This post is triggered by seeing a local garden in full spring glory mode. It is on quiet suburban street corner and is a bit of a stand out because it is always clipped within an inch of its life. It got me thinking about the concept of the front garden, partly because I do not have one. So today as I took one of my longer walking routes I paid attention to the face property owners present to the world.
Most of the gardens in my street are dominated by native trees and shrubs with exotics planted closer to the house. Some owners have been careful to plant species indigenous to the area. The reserve that takes up one side of the road is slowly being rehabilitated with lots of weed clearing and intensive planting between the trees and along the restored creek banks.
Some newer home owners are bucking this trend, but because of VCAT rulings, trees have been protected and there is a restricted building footprint. Not that this means a garden full of native plants hiding a sympathetic building
Infil housing is happening up the next road, with back and side yards of large properties subdivided off. What looks like a converted Masonic Lodge is actually a new build. The front garden is as uptight as the architecture. The long drive down to a new house takes advantage of the cypress trees next door and has a regimented planting squeezed in on either side of the asphalt.
Most gardens however are typical mixes of traditional plantings and are well maintained. Like this one with the beautiful deciduous magnolia, a plant that is putting on a stunning display all over Melbourne this spring.
A bit further on one of the original farm houses has a neat front garden typical of its era. Down the side are assorted sheds and there is still a nearby dam despite most of the land being given over to housing. Next comes the high tension transmission lines which are a demarcation line between large blocks and significant acreage.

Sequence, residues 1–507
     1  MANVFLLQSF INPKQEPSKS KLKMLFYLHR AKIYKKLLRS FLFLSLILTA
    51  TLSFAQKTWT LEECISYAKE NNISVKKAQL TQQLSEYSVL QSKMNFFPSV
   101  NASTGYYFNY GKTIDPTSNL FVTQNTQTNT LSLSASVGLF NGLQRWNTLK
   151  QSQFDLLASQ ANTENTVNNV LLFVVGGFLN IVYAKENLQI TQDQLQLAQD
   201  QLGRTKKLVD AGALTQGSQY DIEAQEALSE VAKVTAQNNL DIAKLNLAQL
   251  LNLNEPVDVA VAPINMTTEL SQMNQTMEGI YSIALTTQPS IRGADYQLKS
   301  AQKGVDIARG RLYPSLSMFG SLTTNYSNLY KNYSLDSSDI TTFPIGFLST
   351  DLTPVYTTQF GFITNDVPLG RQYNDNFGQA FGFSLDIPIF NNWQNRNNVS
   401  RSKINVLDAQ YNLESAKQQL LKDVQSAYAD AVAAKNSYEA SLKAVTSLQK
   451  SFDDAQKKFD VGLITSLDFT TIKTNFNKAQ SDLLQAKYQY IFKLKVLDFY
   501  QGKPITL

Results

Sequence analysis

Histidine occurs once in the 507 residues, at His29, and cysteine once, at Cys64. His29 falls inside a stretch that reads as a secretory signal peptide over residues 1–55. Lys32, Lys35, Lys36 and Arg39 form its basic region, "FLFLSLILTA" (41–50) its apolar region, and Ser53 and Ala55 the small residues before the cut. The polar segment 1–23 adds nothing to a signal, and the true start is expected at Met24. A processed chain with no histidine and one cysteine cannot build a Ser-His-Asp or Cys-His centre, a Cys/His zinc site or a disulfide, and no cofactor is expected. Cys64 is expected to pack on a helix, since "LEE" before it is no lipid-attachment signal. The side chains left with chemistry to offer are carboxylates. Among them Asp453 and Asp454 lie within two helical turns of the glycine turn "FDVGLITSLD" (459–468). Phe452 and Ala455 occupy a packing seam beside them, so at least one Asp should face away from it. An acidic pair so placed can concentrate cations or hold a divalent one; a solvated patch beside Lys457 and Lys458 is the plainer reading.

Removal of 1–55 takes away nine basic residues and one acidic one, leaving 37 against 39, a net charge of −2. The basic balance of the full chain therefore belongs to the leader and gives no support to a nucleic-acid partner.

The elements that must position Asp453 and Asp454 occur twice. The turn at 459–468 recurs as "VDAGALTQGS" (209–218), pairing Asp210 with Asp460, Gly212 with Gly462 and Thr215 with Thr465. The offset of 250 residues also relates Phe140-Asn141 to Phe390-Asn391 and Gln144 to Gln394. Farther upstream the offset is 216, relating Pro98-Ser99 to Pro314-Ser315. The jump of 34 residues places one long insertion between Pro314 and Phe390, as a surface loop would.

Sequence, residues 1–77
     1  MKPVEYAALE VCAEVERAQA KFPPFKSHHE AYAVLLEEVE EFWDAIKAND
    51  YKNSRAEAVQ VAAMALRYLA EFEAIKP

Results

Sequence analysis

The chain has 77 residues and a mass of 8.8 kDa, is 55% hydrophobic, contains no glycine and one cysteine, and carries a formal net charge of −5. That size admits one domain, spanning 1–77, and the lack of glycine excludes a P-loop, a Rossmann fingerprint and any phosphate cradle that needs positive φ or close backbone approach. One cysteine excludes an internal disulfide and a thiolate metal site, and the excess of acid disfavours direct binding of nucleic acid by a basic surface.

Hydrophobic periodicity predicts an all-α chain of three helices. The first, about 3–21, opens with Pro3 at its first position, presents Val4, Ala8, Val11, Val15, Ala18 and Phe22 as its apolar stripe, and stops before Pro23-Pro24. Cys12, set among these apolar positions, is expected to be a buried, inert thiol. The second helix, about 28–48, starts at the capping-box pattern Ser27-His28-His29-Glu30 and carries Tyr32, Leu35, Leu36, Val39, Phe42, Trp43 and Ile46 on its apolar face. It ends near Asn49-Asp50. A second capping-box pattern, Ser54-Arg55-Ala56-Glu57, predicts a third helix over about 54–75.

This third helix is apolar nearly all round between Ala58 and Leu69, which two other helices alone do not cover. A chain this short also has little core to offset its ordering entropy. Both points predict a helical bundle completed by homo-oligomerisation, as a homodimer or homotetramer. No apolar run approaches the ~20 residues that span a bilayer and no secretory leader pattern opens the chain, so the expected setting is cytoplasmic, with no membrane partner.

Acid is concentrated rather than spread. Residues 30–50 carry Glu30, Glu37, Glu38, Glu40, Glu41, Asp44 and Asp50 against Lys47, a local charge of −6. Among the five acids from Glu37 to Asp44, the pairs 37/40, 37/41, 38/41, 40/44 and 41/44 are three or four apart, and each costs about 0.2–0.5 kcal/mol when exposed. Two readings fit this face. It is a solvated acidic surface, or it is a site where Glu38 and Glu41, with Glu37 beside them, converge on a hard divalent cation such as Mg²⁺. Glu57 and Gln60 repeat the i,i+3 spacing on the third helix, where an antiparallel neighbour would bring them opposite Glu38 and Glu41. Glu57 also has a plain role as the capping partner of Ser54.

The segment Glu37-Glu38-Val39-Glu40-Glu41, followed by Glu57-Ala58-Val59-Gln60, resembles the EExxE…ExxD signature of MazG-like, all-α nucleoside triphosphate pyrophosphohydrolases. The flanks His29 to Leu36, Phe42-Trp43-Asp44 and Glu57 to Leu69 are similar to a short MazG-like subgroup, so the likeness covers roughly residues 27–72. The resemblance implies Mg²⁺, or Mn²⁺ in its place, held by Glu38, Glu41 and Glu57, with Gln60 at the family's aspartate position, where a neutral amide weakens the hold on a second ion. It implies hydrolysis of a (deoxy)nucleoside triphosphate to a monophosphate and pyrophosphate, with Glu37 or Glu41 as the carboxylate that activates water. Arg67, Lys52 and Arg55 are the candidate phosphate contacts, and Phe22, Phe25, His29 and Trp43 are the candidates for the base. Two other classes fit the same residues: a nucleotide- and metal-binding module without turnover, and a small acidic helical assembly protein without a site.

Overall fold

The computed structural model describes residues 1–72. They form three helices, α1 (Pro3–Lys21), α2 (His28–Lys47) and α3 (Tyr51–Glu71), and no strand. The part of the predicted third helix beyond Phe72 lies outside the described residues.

Ahh for the good old days of government owned infrastructure.
I am now well away from any form of footpath, and the air is full of the scent of Sweet Pittosporum Pittosporum undulate, an environmental weed that establishes very quickly and starves surrounding plants of nutrients, water and sunlight. It is a native plant out of its usual rainforest habitat, but is allowed to grow in yards and gardens probably because it looks quite nice and saves on lots of weeding.
There is a distinct change of style as properties are not just homes for people. At least four beautiful horses have stabling just a gate away from the front garden of one home.
A reproduction of maybe a Victorian period home has an impressive front garden and a tennis court and pool down the side. Definitely a lifestyle place and with gorgeous views. Many Canary Island Date Palms Phoenix canariensis feature in front gardens, some indicating the age of the house, but most how much the owner was prepared to spend on landscaping. It is definitely the status plant for large gardens.
There are paddocks now between each house and the frontages are getting wider. This next one is an “Exquisite Executive Residence on 10 acres” according to the For Sale sign.
I turn up a road that runs across the crest of the hills. On the corner is a house that dates back to the time when the area was popular for guest houses and country retreats for people wanting a break away from the city. Deciduous feature trees dominate, with lots of shrubberies and borders.
I am in serious horse country now. It is no longer a house with a showy garden, more a place to enjoy all aspects of the equestrian life. The scent in the air has changed too, freesias have naturalised all along the side of the road.
Less than a half hours walk from home I am well out into the country side. Remnant bushland and paddocks and a couple of alpaca.
Across the other side of the road it is lovely to see an older California Bungalow has been renovated and enlarged rather than bulldozed. Even the windbreak has been kept. No front garden is needed when there is some much beautiful scenery all around.